3175. Robert Southey to Grosvenor Charles Bedford, 1 August 1818

3175. Robert Southey to Grosvenor Charles Bedford, 1 August 1818⁠* 

My dear G.

The first part of this Tender Epistle which you now receive is to be followed by a pleasant digest of the various slanders uttered & afterwards eaten by Brougham, in his public character. [1]  I have received two rich cases from Croker, & have other collectors at work for me.

I wrote to Murray concerning it some ten days ago, & desired he would send me the Parl: Debates from the time when Brougham came in for Winchelsea in the last Parliament. [2]  But they are not come. The middle part of the letter of course cannot be put together till these materials are before me. But I have got on with the concluding part where Gog & the ER. [3]  come in for their share.

The beginning need not go to the Press till the whole is ready, – for there is no hurry, – tho I shall not make any unnecessary delay. Harry thinks I am writing in exculpation of myself. But you will see that being called upon flatly to contradict a gross & offensive insolent slander, I take advantage of that occasion to give this fellow a thorough dressing, – & this will certainly be of some use here, where the pamphlet will be conned with curiosity by xx all my neighbours.

I have asked Murray to let Pople print it. The documents in proof of the historical slanders (MacKerrel [4]  &c) will go in an appendix. And I shall have a letter from Wordsworth. – What a dose it will be for this paltry scoundrel, – & I am sure that when you {shall} have read marked & inwardly digested the extracts with which the letter begins, you will agree with me that it is impossible to treat him with more severity than he deserves.

Do not wait for Wynn, – put Bourke [5]  off & set off with the Mag: Rot for the mountains as soon as you can.

God bless you


Keswick Aug. 1.

Ask Murray to send me a navy-list. [6] Tom being here, & hungry for one.

The Hydians [7]  are arrived.


* Address: To/ G C Bedford Esqr
Endorsements: 1 August 2e 1818; 1 August 2e 1818 d
MS: Bodleian Library, MS Eng. Lett. d. 47. ALS; 3p.
Unpublished. BACK

[1] Southey was transmitting a draft of the first part of an attack on Brougham. Southey’s intended pamphlet was provoked by a speech made by Brougham in the course of the general election of 1818. As the Courier reported on 4 July, Brougham, campaigning for the parliamentary seat of Westmorland against the candidates favoured by Wordsworth’s patron, the Earl of Lonsdale, spoke at the hustings at Appleby on 30 June, attacking Southey and Wordsworth. Southey was dissuaded from publishing the retort that he discusses here. Part of it finally appeared as a ‘Postscript’ to the second edition of Carmen Triumphale (London, 1821), pp. 45–53. BACK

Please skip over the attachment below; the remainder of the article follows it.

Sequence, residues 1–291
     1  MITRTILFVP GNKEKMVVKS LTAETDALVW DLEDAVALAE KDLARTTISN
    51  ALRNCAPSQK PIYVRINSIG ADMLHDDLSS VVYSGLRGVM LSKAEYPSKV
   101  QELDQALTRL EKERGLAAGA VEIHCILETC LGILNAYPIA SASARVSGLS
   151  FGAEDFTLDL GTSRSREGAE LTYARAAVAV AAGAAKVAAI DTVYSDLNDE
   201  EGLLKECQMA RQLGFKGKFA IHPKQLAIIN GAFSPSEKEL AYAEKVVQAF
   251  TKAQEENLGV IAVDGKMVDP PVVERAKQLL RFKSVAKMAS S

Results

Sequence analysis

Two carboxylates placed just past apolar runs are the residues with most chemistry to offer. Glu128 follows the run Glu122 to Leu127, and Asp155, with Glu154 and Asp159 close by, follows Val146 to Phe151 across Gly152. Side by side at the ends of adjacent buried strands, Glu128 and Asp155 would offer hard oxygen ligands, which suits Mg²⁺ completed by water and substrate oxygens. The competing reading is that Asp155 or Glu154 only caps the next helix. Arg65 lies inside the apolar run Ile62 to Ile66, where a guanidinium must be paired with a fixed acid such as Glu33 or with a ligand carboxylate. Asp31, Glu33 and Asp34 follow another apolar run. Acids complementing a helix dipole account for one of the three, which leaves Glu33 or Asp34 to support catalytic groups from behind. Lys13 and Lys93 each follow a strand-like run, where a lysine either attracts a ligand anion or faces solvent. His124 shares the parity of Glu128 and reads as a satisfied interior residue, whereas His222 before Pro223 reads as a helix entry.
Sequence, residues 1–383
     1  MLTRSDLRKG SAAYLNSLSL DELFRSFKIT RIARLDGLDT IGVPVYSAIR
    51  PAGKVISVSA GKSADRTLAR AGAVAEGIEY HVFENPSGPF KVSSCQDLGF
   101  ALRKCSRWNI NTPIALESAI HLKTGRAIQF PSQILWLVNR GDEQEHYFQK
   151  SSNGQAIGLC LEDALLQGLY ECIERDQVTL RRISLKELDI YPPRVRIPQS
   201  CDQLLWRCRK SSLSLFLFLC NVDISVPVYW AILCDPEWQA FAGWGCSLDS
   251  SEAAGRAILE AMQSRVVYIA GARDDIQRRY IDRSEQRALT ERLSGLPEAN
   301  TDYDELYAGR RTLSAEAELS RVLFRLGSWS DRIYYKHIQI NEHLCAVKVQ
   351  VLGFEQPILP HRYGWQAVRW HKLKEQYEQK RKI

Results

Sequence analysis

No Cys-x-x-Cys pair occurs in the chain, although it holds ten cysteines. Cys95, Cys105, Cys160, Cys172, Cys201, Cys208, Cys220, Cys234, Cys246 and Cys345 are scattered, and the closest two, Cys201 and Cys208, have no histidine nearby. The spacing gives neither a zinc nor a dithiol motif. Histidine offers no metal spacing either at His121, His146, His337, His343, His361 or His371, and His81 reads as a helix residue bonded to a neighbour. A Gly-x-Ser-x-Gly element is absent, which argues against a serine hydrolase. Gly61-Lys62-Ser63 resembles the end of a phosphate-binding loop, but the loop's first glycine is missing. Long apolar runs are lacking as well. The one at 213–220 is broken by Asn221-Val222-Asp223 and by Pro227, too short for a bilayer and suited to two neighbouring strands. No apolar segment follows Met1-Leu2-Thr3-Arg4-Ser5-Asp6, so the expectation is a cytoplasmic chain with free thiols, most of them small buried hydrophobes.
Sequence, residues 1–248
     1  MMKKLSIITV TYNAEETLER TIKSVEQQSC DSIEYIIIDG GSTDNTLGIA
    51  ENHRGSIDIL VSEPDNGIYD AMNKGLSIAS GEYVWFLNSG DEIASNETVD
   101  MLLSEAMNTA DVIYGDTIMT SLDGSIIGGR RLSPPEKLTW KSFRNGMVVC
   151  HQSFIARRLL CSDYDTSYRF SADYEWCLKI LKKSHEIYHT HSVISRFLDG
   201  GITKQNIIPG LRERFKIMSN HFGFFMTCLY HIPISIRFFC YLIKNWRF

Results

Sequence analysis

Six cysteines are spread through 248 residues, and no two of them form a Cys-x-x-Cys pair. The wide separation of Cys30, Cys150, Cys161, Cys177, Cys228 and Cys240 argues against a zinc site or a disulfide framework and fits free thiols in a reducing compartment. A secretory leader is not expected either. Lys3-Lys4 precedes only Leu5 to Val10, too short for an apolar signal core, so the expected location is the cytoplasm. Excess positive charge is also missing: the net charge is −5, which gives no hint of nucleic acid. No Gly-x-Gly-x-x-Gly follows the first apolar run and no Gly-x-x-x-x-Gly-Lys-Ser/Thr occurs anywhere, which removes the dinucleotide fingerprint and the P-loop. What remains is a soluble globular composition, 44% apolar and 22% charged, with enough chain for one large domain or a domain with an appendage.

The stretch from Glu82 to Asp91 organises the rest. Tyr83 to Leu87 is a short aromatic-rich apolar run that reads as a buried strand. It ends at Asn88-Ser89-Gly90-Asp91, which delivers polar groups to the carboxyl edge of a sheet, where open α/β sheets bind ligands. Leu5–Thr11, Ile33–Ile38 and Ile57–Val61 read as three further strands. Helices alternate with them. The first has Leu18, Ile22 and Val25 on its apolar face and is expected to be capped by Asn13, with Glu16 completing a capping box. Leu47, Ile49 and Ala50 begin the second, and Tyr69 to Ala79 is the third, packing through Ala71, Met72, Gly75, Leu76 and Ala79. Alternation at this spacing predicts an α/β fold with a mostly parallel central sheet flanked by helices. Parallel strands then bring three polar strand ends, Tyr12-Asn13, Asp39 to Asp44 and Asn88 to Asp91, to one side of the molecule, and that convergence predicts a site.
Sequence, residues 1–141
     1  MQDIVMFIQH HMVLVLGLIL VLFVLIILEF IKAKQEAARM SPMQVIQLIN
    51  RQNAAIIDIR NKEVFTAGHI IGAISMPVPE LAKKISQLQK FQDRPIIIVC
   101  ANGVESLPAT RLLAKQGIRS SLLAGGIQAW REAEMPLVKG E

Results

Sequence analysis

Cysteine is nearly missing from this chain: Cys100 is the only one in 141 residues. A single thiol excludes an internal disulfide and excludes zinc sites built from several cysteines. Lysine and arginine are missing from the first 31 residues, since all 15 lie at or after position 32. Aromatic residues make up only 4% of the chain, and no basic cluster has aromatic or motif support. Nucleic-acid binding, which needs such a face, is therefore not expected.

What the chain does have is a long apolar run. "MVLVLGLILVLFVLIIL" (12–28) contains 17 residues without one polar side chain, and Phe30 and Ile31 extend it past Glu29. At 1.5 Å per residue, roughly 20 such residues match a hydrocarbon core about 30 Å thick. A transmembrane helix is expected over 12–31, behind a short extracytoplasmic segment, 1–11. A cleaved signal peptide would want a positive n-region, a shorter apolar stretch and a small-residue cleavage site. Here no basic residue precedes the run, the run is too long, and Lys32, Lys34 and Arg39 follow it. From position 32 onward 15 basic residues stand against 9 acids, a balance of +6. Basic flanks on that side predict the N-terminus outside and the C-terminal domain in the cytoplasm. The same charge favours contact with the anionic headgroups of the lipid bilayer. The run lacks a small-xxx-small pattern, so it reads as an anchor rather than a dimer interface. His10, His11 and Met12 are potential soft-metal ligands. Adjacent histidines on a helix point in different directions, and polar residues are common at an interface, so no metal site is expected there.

[2] Brougham was returned as the MP for Winchelsea 1815–1830. BACK

[3] Jeffrey and the Edinburgh Review (1802–1929), the main Whig quarterly journal, to which Brougham was a contributor. BACK

[4] Robert M’Kerrell (1761–1841), a textile merchant and manufacturer in Paisley, had on 28 May 1812, given evidence to the House of Commons committee enquiring into the Orders in Council system, which enforced a trade blockade on territories controlled by France. The Whig opposition were campaigning for its repeal, on the grounds that it harmed British manufacturing. Brougham denounced M’Kerrell (though not by name) in the House of Commons on 16 June 1812, claiming he had told the committee that textile workers were overpaid and ‘oatmeal and water were good enough for Englishmen.’ M’Kerrell denied he had said this and published an acrimonious exchange of letters between himself and Brougham in The Times of 20 July 1812. BACK

[5] A friend of Bedford’s whose visit would prevent Bedford’s travelling on holiday to the Lakes. BACK

[6] The annual list published by the Royal Navy of all its officers, their ranks and their ships. BACK

[7] Southey’s new clothes, sent from his London tailor Hyde (d. 1820). BACK

Places mentioned

Keswick (mentioned 1 time)